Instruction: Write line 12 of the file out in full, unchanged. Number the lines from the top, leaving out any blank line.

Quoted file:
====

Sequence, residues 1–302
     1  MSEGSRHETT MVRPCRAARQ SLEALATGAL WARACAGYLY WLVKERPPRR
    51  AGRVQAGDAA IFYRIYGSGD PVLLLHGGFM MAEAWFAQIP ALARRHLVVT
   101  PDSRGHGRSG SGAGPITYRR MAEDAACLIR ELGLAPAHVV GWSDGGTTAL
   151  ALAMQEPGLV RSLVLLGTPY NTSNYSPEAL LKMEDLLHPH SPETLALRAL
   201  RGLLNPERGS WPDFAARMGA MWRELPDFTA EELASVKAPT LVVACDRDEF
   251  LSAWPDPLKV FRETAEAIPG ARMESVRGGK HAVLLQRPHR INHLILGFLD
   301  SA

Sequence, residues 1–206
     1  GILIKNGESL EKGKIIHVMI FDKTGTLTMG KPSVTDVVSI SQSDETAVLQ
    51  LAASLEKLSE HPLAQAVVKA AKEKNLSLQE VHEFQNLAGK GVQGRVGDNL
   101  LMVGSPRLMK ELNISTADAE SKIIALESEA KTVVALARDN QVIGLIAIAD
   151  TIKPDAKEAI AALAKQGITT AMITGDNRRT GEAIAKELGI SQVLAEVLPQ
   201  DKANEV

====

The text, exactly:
   101  LMVGSPRLMK ELNISTADAE SKIIALESEA KTVVALARDN QVIGLIAIAD